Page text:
Things work in mysterious ways, don't they?
Now more than ever, the promise of control appears to be everywhere. Every new magazine or book seems to say: "Take charge of your personal development, relationships, finances, and career with the push of a button." We download the apps, we make calendars and budgets, and we track our miles and our achievements with pedometers.
All the technology and planning in the world can't prepare us for the unexpected challenges of a health crisis. This isn't to say that we should have to resign ourselves to the aftershocks of a crisis, though. What if the hardship of a health crisis could be the starting point for creating a new perspective, a new you?
Working within (or studying to be a part of) the health care industry, it can become second nature to have the well-being of others on our daily schedule. However, are we doing enough to bring attention to our own well-being? Let's be the example of health we advocate for within our community.
Consider the following:
1. No matter our backgrounds, education, gender, or race, we owe it to ourselves to consider the preventative measures available to us right now. Data shows that actions we take now affects our future state of health. Spend some time today to design a 21-day health goal, get support from your network, and acknowledge your successes along the way.
2. Take a moment to use the challenge of a health crisis to inspire you. That's right–inspire you to create a new vision for yourself that includes working with, rather than against, the limitations that might arise. If hindsight is 20/20, the moments that seem the most difficult to overcome could prove to be the life-changing moments that guide us toward discovering new passions, talents, people, and places.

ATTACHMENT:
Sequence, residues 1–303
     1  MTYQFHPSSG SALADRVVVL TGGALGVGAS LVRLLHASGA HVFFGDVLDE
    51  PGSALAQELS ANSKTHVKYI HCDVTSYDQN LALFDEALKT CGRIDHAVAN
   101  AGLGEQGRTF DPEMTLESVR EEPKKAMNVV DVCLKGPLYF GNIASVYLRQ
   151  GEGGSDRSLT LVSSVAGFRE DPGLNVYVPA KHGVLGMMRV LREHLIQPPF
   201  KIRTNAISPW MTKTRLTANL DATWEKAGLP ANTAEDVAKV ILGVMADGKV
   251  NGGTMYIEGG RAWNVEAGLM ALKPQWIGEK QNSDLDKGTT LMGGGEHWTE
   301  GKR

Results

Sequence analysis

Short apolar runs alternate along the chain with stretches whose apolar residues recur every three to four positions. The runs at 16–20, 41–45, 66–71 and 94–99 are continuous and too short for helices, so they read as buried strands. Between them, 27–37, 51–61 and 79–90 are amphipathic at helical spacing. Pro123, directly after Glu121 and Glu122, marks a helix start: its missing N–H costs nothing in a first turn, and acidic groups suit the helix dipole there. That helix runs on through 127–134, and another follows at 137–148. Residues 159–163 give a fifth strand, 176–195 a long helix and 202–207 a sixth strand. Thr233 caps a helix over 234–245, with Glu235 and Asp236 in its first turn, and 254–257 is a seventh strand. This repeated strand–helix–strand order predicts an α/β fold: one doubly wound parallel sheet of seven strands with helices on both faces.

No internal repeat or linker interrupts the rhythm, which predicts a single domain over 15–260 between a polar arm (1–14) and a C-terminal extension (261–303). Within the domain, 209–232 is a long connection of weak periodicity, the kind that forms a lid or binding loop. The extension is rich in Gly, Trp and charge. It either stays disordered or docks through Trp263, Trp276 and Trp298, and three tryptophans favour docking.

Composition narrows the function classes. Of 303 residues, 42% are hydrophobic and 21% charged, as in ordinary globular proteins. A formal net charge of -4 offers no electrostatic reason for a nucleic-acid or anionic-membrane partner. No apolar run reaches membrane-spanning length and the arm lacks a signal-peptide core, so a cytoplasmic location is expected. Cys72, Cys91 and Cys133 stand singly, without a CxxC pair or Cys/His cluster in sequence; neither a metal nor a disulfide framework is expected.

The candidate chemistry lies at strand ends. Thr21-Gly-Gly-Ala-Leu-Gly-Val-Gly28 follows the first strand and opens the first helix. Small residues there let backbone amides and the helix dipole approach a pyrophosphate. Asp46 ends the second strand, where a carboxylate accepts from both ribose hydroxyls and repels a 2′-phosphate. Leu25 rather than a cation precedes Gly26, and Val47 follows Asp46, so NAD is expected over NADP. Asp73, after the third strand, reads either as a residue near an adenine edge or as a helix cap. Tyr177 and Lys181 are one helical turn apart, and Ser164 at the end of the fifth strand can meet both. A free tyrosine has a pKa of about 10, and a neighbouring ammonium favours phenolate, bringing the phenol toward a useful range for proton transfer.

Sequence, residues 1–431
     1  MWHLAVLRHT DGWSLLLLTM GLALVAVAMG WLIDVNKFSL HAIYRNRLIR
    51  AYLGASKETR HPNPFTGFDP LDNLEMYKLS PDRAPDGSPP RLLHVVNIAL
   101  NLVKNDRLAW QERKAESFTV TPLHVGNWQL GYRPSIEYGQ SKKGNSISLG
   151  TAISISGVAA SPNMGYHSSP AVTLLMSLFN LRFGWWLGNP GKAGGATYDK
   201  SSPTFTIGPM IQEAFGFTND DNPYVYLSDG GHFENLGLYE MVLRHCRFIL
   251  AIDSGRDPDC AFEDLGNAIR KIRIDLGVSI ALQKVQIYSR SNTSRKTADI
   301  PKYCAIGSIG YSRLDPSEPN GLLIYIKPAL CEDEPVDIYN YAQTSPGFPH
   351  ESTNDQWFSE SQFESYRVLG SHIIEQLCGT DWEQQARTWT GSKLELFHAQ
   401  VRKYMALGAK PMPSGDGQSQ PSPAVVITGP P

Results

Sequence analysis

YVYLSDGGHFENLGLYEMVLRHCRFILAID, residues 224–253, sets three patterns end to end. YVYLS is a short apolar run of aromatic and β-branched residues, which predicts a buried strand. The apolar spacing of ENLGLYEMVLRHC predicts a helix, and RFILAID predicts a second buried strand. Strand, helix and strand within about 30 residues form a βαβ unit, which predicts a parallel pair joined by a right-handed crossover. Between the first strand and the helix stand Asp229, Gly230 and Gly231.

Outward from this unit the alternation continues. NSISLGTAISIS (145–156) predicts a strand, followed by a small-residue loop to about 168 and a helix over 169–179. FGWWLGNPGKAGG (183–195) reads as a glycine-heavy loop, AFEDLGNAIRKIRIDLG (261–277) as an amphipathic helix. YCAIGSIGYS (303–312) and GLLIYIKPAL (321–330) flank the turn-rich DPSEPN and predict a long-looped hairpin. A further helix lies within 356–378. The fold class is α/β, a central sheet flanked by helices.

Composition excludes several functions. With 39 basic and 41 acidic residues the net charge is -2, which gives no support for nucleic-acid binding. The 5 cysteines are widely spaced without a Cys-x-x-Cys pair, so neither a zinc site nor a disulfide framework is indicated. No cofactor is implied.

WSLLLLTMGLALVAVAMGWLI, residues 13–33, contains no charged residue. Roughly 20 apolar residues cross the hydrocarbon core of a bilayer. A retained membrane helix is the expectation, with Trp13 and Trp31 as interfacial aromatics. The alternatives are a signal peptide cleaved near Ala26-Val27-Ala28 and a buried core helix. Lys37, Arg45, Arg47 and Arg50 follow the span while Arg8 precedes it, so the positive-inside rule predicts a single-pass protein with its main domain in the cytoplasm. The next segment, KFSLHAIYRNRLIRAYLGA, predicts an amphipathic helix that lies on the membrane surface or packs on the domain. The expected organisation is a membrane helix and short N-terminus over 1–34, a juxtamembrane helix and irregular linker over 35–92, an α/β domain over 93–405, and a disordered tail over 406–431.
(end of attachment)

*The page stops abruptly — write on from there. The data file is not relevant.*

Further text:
3. Be vocal about your needs and abilities during a health crisis. It can be hard to understand how best to ask for support in these times. Understanding how to reach out effectively can encourage a renewed sense of empowerment, refine your communications skills, and bring clarity to personal relationships.
4. Take time to create separation from old habits. We may find ourselves in the position of experiencing sudden changes to our routine when our health is compromised. This could be the time when the moment is right to evaluate what's working and what to let go.
5. Life keeps moving around us during a health crisis, but that doesn't mean we can't engage with it in new and powerful ways. Your personal and professional interests may be profoundly affected by this time. Perhaps there is an opportunity to teach others, to speak out and educate the community. Our very foundation was built on the value in one person extending the gift of retelling the story of their experience. Seek out those who could be emboldened by the story of you, because it might the story they need to hear.
Seventy-five days ago, I was a smoker. Like others, I thought I couldn't change (or, maybe, I didn't want to change) a habit that I knew was harmful. Could I be like I was before, could I do the things I used to do before cigarettes came into the picture? I wasn't sure. After almost eight years of smoking, the wake-up call just hadn't arrived.
Seventy-five days ago, everything changed–I was in crisis. It was a now or never moment, I had to quit. The stakes were too high and the burden overbearing. I made the choice to transform my health crisis into an opportunity, to continue my personal journey as an ex-smoker.
So, I am here today telling my story, reaching out to the community, writing these words because life keeps moving and the story of health belongs to all of us. Funny how life works, isn't it. Maybe, a little mysterious, too.